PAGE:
From the description of Mabel Loomis Todd letters, 1932. (University of North Carolina at Greensboro, University Libraries). WorldCat record id: 36949299

Mabel Loomis Todd was born in Cambridge, Massachusetts on November 10, 1856. She married David Peck Todd in 1879, and they moved to Amherst, Massachusetts where her husband taught astronomy at Amherst College. Mabel Loomis Todd soon became intimately involved with William Austin Dickinson, brother of Emily Dickinson. Mrs. Todd later edited the first published poems of Emily Dickinson. She also travelled on scientific expeditions with her husband, lectured professionally, and wrote several articles and books. The Todds lived their final years in Florida. Mabel Loomis Todd died on October 14, 1932.

Mabel Loomis Todd was born in Cambridge, Massachusetts, 10 November 1856, the only child of Eben Jenks Loomis and Mary Alden (Wilder) Loomis. Her father, an astronomer, mathematician, and naturalist, worked on the American Emphemeris and Nautical Almanac in Cambridge. Her mother, a descendant of many prominent Congregational ministers including John Alden of Plymouth Colony, maintained a household proud of its lineage. From the beginning, Eben and Mary Loomis instructed their daughter in all the social graces expected of a cultured nineteenth century woman.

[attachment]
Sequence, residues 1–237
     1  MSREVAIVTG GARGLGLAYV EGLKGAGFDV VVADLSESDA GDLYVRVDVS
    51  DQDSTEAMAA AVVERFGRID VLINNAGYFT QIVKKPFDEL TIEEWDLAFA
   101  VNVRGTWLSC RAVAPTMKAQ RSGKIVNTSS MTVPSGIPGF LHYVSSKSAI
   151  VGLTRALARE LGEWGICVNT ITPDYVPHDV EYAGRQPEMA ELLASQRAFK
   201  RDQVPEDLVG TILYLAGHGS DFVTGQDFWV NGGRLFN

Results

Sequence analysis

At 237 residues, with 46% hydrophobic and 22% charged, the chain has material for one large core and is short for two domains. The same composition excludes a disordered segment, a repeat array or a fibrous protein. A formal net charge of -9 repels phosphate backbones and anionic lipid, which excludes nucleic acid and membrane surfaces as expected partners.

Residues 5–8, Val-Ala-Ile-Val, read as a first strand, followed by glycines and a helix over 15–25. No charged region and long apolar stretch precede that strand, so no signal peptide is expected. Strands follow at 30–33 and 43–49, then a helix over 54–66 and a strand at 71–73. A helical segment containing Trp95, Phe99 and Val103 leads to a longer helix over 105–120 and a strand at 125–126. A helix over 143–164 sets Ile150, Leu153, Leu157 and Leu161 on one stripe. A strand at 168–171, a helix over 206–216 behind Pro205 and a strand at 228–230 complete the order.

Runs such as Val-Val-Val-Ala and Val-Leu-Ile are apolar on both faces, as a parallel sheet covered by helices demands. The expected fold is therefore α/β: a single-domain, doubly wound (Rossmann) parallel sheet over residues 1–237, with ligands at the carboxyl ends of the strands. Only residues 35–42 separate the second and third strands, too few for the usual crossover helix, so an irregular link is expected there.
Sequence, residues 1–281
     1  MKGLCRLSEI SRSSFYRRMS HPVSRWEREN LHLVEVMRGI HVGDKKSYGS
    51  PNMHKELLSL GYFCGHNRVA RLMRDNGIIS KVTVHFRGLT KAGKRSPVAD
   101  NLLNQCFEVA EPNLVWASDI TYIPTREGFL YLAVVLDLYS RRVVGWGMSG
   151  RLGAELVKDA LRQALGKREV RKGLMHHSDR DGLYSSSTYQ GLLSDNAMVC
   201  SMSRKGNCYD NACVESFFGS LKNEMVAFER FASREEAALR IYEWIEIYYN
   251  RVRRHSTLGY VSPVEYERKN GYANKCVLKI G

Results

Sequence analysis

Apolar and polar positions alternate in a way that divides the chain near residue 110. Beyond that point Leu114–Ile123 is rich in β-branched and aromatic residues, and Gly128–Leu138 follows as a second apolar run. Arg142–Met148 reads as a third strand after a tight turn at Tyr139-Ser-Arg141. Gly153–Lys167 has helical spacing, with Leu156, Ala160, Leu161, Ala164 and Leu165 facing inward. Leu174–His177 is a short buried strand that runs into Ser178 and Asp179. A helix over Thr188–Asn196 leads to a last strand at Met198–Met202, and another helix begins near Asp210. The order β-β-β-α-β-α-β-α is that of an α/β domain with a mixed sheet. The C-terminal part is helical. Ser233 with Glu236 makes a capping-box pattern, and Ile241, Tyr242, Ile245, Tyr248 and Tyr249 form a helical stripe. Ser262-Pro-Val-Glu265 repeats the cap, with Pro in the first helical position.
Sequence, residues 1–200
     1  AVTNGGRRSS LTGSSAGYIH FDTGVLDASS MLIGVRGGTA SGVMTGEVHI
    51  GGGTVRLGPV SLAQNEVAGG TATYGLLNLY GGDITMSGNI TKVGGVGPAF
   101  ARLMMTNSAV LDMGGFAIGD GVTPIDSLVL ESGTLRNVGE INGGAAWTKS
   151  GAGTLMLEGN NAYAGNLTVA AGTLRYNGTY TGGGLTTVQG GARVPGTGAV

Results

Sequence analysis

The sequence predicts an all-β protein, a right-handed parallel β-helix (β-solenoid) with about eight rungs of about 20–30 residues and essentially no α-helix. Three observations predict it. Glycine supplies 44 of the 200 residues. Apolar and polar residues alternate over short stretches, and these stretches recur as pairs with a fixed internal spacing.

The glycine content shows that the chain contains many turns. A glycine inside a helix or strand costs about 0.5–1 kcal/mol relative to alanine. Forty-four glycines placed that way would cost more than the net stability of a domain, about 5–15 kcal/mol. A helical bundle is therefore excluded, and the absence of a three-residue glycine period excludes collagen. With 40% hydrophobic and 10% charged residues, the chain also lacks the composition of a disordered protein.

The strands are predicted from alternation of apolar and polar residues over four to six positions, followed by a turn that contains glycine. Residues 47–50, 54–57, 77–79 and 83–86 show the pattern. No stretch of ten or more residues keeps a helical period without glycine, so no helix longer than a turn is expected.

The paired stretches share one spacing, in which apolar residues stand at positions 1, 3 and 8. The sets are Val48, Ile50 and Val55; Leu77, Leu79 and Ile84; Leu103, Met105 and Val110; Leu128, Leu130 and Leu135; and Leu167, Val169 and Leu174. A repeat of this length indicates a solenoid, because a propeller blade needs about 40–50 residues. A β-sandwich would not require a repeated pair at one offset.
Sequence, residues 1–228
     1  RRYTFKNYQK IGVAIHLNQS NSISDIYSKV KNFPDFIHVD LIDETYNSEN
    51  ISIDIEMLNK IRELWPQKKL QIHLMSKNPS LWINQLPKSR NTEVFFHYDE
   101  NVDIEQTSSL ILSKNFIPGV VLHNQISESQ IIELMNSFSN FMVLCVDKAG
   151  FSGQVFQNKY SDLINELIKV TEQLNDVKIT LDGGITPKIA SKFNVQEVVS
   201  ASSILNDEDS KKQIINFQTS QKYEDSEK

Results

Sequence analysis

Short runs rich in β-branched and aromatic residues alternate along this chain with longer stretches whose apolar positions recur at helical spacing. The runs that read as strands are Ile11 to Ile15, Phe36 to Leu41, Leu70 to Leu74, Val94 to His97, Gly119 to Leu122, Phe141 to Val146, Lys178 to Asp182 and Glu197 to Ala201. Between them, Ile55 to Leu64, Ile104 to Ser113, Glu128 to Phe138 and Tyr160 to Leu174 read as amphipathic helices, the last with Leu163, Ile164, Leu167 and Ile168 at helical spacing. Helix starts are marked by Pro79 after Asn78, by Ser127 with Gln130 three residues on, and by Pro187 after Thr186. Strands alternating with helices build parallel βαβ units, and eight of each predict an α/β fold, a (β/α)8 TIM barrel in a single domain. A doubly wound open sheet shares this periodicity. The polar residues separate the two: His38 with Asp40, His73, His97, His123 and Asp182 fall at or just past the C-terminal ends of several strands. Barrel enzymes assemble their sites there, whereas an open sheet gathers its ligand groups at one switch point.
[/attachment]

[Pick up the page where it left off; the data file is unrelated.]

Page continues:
Mabel Loomis Todd received her education in Boston and Washington, D.C., beginning school in 1865 at the Boston South End School for Young Ladies. When her father moved to Washington, D.C., in 1869, she transferred to the Georgetown Female Seminary, where she remained until 1874. For several years thereafter, she lived in Boston and studied at the New England Conservatory of Music. In 1878 she met one of the young astronomers in her father's office, David Peck Todd, and, after a thirteen month courtship, married him on 4 March 1879. One year later, she gave birth to her only child, Millicent.

Mabel Todd's relatively peaceful life ended when her husband accepted a teaching position at Amherst College in 1881 and moved the family to the small New England town of Amherst, Massachusetts. Almost immediately the Todds were accepted by the town's social elite, including its most prominent family--the Dickinsons. It proved to be a fateful association. When the Todds first met William Austin Dickinson and his wife, Susan, Mabel and Austin were immediately attracted to one another and soon began an affair. The affair, which lasted until Austin's death in 1895, created enormous resentment within the Dickinson family, resentment which surfaced in disputes over the poetry of Austin's talented sister, Emily.